How do I measure academic progress in my children? Call me CRA-ZY, but I measure it in their like or dislike of school. Since 3rd grade, when the testing begins, I noticed a change in my children. They completely distrust and dislike school. Long gone is a thrill for understanding, the sheer joy and natural love of learning.  When my 13 and 9 year old daughters hate going to school, I call that failure.

5. The Readability, or the expected reading level, is about two years beyond the grade being tested.

I’m a literacy expert. I can teach anyone, at any age HOW to read. There’s a fundamental understanding in literacy education called the zone of proximal development (ZPD). A learner’s ZPD allows teachers to direct them to appropriate independent reading materials. Independent reading is the place where all the magic happens for readers. But, when we choose material that is too hard, we defeat the purpose of increasing reading achievement. The exams that have been viewed are 1-3 grade levels above grade level being tested. Again, the test is not measuring ability or achievement when it is too hard.

6. The tests drive instruction.

I 100% believe in authentic assessments where students are given time to review and refresh what they’ve learned. But what actually happens in a typical 3rd-12th grade classroom doesn’t allow students to master any skills other than what is needed for an exam.

7. The tests widen the gap for disadvantaged students.

This is the saddest of all my points. There is ZERO research based evidence that these exams lessen the plight of disadvantaged children. ZERO! In fact, research is showing it has quite the opposite effect.

8. The exams are emotionally disengaging children.

I’m about to get all high on my own Kool-aid here. When schools focus on high stakes exams, they do not reflect the world as it is today. How do people learn and thrive? They learn and thrive when they are able to learn at their own pace, or tempo. Emotions are attached to ones’ success. The current educational model in the US is a one size fits all, passive model. Mastery learning is unachievable when the teacher is expected to move on before mastery happens. Mastery of any skill requires flexibility, practice, time on task. Period. The end.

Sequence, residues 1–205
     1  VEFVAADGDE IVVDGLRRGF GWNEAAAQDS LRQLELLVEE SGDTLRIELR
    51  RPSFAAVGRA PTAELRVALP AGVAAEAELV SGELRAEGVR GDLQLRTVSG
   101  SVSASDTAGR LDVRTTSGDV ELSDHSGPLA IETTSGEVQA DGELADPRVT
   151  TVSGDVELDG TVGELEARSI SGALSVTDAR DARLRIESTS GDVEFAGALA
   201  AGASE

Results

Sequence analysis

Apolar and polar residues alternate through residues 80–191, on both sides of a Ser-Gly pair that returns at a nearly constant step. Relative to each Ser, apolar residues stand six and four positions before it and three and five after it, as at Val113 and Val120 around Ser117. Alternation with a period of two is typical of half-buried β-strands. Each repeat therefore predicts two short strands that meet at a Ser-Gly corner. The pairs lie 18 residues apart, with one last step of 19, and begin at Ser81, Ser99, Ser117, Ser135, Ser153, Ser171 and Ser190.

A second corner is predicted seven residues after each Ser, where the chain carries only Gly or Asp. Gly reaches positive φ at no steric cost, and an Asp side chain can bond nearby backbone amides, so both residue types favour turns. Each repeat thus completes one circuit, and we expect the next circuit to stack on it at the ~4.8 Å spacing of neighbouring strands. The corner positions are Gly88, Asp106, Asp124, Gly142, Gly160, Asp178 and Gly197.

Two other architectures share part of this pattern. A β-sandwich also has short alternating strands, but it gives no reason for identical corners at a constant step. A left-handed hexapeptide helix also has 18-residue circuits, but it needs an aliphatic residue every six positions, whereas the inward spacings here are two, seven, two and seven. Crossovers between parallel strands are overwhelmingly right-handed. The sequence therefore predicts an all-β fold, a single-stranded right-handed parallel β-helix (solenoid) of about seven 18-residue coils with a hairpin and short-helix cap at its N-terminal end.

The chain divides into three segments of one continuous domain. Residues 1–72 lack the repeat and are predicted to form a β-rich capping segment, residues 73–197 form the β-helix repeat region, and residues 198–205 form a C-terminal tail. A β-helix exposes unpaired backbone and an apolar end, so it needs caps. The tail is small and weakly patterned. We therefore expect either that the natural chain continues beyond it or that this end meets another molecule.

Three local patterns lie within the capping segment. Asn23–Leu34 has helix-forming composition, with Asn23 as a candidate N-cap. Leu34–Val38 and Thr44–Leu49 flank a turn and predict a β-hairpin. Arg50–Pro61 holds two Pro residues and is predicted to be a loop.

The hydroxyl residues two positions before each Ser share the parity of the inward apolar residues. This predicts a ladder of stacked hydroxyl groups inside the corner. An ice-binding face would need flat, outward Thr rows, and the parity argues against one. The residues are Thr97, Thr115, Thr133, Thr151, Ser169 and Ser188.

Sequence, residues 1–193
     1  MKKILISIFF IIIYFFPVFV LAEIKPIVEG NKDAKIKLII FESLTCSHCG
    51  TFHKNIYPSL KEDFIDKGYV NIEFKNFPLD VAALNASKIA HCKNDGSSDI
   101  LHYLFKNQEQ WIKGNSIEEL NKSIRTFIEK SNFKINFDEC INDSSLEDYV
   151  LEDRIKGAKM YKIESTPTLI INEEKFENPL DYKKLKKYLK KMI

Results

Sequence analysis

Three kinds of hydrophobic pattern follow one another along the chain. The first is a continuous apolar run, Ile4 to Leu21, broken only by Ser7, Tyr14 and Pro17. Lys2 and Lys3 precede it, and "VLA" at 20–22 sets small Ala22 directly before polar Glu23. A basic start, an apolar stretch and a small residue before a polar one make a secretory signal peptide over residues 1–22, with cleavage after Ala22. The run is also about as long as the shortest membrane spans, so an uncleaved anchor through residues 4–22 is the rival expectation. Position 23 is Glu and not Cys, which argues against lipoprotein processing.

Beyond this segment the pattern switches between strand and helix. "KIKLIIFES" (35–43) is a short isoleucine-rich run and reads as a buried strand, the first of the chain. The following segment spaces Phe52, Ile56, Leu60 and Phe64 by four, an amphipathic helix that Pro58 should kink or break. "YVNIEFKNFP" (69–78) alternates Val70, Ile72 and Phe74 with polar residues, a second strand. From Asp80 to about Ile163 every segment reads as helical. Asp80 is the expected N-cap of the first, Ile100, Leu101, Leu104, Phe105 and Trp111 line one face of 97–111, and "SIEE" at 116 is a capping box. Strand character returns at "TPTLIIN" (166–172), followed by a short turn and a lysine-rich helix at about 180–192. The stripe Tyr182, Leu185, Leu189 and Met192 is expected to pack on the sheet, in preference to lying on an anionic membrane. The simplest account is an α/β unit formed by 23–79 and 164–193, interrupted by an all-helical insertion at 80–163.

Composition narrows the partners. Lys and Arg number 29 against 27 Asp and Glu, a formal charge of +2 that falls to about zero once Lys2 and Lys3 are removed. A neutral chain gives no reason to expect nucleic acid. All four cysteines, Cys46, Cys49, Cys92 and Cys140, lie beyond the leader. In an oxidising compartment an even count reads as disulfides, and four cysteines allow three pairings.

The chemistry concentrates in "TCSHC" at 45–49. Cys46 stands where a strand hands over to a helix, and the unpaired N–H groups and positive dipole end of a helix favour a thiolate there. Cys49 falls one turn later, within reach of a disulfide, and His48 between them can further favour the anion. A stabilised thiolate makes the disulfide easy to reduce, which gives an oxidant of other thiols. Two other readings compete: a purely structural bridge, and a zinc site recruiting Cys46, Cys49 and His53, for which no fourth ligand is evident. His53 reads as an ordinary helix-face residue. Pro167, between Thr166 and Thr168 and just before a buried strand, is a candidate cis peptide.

9.  Now is the time.

Shortly after colonization, Harvard and Yale were created. The Industrial Revolution created MIT, Stanford and state schools. Correct me if I’m wrong, but we are in the INFORMATION AGE, yet we are not using the information we have to make appropriate changes in our educational systems. Our current model for educating children hasn’t changed much since the early 1900’s. That is alarming. Ay? Still, excellence is possible for all! How do we get there?

We strive to measure growth based on creativity, entrepreneurial skills, optimism and capitalism. We strive to create educational environments that are less institutional and more student centered where active participation and discussion lead instruction. This is what fertilizes young minds. It’s what fertilizes all minds.

High stakes exams squander and deny potential rather than realize and enhance it.

I have had enough. Have you? Here’s the letter we sent to refuse to participate in the FSA and Florida state exams. Feel free to use it!

 Click here to review our refusal letter.